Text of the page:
BY UDUMA KALU with agency reports
THE United Nations nuclear agency, the International Atomic Energy Agency, IAEA, yesterday, said that Japan has declared a state of emergency at another earthquake-affected nuclear plant where higher-than-permitted levels of radioactivity were measured.
The IAEA said Japan informed it that the source of the radioactivity at the Onagawa power plant was being investigated. It said all three reactors at the plant are under control. Japan also said authorities at another plant have resorted to using sea water to cool a second reactor in an attempt to prevent a meltdown. Japan said earlier attempts to cool the No. 3 reactor at the Fukushima Dai-ichi plant had failed. Sea water is also being used to cool the plant’s No. 1 reactor. Sea water is corrosive and is being used as a last resort.
Chief Cabinet Secretary, Yukio Edano, also said Sunday that a hydrogen explosion could occur at Unit 3 of the Fukushima Dai-ichi nuclear complex, the latest reactor to face a possible meltdown. That follows a blast the day before in the power plant’s Unit 1, and operators attempted to prevent a meltdown there by injecting sea water into it.
Edano said: “At the risk of raising further public concern, we cannot rule out the possibility of an explosion. If there is an explosion, however, there would be no significant impact on human health.”
But Japanese authorities are operating on the presumption that possible meltdowns are under way at two nuclear reactors. A government official said, yesterday, that there have been no indications yet of hazardous emissions of radioactive material into the atmosphere.
CNN quoted Yukio Edano as saying: “We do believe that there is a possibility that meltdown has occurred. It is inside the reactor. We can’t see. However, we are assuming that a meltdown has occurred at the No. 1 reactor at the Fukushima Daiichi nuclear facility. And with reactor No. 3, we are also assuming that the possibility of a meltdown as we carry out measures.”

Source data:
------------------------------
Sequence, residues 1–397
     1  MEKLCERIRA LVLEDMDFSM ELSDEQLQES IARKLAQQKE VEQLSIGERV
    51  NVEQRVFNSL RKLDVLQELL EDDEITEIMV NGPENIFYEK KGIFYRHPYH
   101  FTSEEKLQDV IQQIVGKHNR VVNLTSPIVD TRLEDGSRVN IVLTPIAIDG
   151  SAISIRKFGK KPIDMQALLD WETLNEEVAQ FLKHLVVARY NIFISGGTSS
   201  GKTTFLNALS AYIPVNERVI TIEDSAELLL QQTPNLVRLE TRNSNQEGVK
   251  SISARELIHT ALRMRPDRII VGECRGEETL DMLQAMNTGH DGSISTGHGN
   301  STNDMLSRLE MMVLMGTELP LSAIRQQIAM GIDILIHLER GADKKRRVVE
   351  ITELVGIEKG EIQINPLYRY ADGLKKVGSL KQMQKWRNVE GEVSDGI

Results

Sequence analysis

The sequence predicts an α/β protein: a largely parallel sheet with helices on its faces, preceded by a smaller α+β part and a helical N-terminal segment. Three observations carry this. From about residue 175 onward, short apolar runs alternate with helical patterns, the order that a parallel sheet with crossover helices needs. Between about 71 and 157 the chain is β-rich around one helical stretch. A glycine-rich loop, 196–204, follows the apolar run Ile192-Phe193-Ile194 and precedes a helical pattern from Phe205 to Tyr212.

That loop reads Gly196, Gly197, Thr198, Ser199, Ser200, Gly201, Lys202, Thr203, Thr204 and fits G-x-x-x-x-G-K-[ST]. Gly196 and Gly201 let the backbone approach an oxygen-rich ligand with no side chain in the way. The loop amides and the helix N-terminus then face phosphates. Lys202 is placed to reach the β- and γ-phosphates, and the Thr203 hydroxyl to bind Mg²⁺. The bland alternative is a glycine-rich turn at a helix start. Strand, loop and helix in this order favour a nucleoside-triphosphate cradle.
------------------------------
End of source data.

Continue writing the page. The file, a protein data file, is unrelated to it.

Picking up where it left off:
Tokyo Electric Power Co. said, yesterday, that another reactor of its quake-hit Fukushima nuclear power plants had lost its cooling functions, while at least 15 people at a nearby hospital were found to have been exposed to radioactivity. The utility supplier notified the government early Sunday morning that the No. 3 reactor at the No. 1 Fukushima plant had lost the ability to cool the reactor core.
The Japanese police, yesterday, said more than 10,000 people were killed in the Japan earthquake. The police spokesman, Go Sugawara, told the Associated Press, that though that was an estimate – only 400 people have been confirmed dead in Miyagi, which has a population of 2.3 million.
According to officials, more than 1,400 people were confirmed dead – including 200 people whose bodies were found Sunday along the coast – and more than 1,000 were missing in Friday’s disasters. Another 1,700 were injured.
For Japan, one of the world’s leading economies with ultramodern infrastructure, the disasters plunged ordinary life into nearly unimaginable deprivation.
Hundreds of thousands of hungry survivors huddled in darkened emergency centers that were cut off from rescuers, aid and electricity. At least 1.4 million households had gone without water since the quake struck and some 1.9 million households were without electricity.
A NUCLEAR meltdown is an informal term for a severe nuclear reactor accident that results in core damage from overheating. The term is not officially defined by the International Atomic Energy Agency or by the U.S. Nuclear Regulatory Commission.
A meltdown occurs when a severe failure of a nuclear power plant system prevents proper cooling of the reactor core, to the extent that the nuclear fuel assemblies overheat and melt. A meltdown is considered very serious because of the potential that radioactive materials could be released into the environment. A core meltdown will also render the reactor unstable until it is repaired. The scrapping and disposal of the reactor core will incur substantial costs for the operator.
The fuel assemblies in a reactor core can melt if heat is not removed. A nuclear reactor does not have to remain critical for a core damage incident to occur, because decay heat continues to heat the reactor fuel assemblies after the reactor has shut down, though this heat decreases with time.